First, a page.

U fraternity brothers welcome New Orleans student transfers

The Tulane University students are part of Delta Kappa Epsilon, which has a local chapter.

Kevin McCahill

At dinnertime on a sunny Monday at the Delta Kappa Epsilon house, two students walked up the stairs at a relaxed pace.

Looking like any other two students, wearing Ray-Ban sunglasses and University T-shirts, their calm demeanor is offsetting, considering everything that has befallen these two this September.

The students, eager to eat dinner, are political economy sophomore Phil Sweeney and business management sophomore Steve Foley, of Tulane University in New Orleans.

At least they were – until Hurricane Katrina bulldozed through Louisiana and Mississippi, destroying levees, homes and lives in the process.

Now Sweeney and Foley, along with Robert Lewis, an undeclared sophomore, are living in Centennial Hall, far from their families and most comforts of home.

There is one thing at the University of Minnesota that is just like they remember back home: their brothers at Delta Kappa Epsilon.

The Tulane students are part of the fraternity, which has a chapter at the University of Minnesota.

According to chapter president Dave Jennings, a theater senior, when the fraternity heard there were brothers in need, there was no hesitation.

“Everybody said, What can we do (to help)?” he said.

Within days they made arrangements for the students to attend classes at the University, where their tuition has been waived. Though they had only what was on their backs, their needs have been provided for by the University and especially by the fraternity, known as Deke.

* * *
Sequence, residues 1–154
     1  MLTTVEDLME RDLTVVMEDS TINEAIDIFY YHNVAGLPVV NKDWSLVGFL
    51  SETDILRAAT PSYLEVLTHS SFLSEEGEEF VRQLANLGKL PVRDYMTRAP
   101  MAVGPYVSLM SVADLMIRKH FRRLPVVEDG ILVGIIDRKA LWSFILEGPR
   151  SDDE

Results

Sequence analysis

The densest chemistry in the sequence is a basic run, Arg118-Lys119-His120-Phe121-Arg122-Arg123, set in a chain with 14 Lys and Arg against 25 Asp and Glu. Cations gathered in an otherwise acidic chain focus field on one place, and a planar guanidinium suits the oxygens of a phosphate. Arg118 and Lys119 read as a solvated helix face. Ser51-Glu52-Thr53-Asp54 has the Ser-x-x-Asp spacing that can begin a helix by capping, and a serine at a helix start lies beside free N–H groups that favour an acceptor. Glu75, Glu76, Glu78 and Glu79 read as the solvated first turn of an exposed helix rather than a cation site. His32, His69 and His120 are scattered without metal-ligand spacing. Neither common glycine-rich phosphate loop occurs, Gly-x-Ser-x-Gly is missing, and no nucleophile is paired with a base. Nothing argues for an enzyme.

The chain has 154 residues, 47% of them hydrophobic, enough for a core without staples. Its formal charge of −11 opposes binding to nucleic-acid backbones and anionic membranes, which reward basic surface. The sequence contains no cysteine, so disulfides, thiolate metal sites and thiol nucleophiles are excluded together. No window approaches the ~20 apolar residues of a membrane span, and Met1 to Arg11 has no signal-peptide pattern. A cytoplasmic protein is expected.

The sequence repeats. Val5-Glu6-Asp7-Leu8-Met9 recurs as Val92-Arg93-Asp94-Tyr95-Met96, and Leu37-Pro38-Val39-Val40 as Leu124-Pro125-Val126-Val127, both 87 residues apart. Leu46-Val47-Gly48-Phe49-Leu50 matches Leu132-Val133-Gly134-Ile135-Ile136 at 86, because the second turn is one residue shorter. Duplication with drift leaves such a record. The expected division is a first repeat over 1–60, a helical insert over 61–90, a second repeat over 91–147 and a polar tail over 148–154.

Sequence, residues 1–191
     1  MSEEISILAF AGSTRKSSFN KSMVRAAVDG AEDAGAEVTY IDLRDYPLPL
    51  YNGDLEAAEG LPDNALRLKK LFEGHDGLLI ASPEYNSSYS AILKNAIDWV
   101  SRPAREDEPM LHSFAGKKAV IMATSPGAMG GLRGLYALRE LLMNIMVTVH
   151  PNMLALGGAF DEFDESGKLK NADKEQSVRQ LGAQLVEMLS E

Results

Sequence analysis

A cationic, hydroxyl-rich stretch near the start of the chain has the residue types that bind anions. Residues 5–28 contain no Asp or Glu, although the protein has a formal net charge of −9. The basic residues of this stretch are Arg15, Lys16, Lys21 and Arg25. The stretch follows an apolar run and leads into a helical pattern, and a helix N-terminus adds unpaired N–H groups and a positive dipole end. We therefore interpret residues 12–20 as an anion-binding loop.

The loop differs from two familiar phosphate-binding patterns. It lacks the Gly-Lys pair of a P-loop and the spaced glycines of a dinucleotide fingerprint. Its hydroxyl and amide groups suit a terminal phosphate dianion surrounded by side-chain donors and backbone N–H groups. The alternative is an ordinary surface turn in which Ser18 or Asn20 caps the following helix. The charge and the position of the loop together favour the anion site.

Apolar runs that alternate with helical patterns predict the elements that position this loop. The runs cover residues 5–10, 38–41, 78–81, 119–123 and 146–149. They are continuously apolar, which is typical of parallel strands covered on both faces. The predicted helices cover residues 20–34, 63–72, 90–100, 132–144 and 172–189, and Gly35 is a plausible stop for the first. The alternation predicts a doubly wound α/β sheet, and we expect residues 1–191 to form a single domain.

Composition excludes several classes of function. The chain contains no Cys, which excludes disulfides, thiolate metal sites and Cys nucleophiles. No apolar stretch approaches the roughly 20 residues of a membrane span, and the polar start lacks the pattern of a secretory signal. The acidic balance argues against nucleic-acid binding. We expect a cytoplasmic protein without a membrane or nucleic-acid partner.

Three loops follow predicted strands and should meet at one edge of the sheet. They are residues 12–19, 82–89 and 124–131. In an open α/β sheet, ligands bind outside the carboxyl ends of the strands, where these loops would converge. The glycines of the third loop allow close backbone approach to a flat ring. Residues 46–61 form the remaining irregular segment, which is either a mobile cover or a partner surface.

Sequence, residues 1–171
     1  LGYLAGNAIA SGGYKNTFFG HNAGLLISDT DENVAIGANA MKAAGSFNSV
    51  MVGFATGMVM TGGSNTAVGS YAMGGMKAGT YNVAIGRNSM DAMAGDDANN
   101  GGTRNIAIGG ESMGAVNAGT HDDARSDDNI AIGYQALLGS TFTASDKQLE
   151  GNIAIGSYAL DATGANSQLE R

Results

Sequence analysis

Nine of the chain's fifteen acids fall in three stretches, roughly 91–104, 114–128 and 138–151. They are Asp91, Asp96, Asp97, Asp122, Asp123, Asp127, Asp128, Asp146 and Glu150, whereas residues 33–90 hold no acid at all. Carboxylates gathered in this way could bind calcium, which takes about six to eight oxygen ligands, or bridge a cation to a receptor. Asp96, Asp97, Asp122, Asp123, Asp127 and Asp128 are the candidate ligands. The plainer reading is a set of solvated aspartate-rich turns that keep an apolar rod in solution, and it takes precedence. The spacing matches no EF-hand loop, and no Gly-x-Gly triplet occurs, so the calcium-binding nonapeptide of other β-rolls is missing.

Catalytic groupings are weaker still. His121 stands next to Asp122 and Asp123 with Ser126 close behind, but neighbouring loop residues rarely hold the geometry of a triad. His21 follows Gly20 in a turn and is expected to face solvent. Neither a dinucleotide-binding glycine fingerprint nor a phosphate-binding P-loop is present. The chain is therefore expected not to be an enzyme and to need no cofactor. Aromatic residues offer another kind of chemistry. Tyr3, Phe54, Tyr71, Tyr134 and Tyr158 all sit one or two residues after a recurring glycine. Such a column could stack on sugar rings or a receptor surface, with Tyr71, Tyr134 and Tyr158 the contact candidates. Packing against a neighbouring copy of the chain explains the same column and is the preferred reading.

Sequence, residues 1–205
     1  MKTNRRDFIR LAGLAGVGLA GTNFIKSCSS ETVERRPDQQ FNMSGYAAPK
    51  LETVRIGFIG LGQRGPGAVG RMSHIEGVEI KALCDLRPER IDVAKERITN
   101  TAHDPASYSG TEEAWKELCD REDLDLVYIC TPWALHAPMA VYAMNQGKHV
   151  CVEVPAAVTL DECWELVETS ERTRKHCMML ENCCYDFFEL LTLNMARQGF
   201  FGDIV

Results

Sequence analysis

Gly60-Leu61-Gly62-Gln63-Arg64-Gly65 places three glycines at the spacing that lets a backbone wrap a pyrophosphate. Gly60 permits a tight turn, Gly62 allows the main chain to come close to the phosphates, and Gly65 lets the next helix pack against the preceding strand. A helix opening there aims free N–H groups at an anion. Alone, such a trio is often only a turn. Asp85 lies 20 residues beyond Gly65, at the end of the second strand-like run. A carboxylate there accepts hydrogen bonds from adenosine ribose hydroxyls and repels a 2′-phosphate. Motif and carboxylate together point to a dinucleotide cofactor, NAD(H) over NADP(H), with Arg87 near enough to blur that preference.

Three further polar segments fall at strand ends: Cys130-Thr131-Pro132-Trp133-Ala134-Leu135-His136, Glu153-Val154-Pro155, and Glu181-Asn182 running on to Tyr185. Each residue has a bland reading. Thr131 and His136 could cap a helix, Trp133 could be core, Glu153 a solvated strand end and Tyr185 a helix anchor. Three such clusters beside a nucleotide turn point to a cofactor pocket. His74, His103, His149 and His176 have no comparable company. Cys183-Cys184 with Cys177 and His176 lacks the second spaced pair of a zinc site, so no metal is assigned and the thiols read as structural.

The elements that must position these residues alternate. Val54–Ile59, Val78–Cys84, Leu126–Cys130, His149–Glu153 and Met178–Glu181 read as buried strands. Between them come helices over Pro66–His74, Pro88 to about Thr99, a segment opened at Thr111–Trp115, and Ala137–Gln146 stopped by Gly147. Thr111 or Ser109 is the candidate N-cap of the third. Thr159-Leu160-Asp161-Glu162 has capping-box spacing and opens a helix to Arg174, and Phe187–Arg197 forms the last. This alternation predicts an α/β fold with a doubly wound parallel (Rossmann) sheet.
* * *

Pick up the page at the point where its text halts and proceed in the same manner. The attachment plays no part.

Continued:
“There is the fraternal tie,” Jennings said. “No matter what, you can go to another Deke chapter and be accepted.”

The Tulane students are grateful for that.

“These guys are excellent to us,” Sweeney said. “And these are guys we just met.”

Because of their laid-back nature and same fraternal knowledge of generosity and friendliness, adding three new members to the house wasn’t difficult, fraternity member said.

“They fit in so well, even though they’re from 2,000 miles away,” said architecture junior Matt Mountain, also a Deke member.

The Tulane students have helped their brothers by working on preparations for homecoming. The amount of spectacle that goes into homecoming at the University amazed the new members.

“It’s more organized,” Foley said. “We don’t do (homecoming) this big.”

Sweeney, who joined the fraternity last spring, said he has learned a lot about its sense of community.

“This is my first experience in the Deke network,” he said. “And no matter what, a Deke will take care of a Deke.”

Of course the students are constantly thinking about their family back home. Both said their family and friends are safe, and their homes received minimal damage, but the first floors of all University buildings were flooded.

They also noted that weather reports say another storm is headed in the direction of the Gulf of Mexico.

Still they keep a positive outlook. Both students, who said they believe they will be back at Tulane this spring, are enjoying the time spent with their new friends, now truly their brothers.